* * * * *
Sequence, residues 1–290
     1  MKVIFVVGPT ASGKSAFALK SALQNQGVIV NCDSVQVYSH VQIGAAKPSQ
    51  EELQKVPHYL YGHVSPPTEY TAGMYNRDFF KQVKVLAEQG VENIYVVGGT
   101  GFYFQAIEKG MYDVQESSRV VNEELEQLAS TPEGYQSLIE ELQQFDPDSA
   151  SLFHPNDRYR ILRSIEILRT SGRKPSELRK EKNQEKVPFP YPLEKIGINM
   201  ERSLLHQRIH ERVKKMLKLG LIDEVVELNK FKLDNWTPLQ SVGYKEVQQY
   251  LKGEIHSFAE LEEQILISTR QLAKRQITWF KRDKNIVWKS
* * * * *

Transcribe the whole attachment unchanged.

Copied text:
Sequence, residues 1–290
     1  MKVIFVVGPT ASGKSAFALK SALQNQGVIV NCDSVQVYSH VQIGAAKPSQ
    51  EELQKVPHYL YGHVSPPTEY TAGMYNRDFF KQVKVLAEQG VENIYVVGGT
   101  GFYFQAIEKG MYDVQESSRV VNEELEQLAS TPEGYQSLIE ELQQFDPDSA
   151  SLFHPNDRYR ILRSIEILRT SGRKPSELRK EKNQEKVPFP YPLEKIGINM
   201  ERSLLHQRIH ERVKKMLKLG LIDEVVELNK FKLDNWTPLQ SVGYKEVQQY
   251  LKGEIHSFAE LEEQILISTR QLAKRQITWF KRDKNIVWKS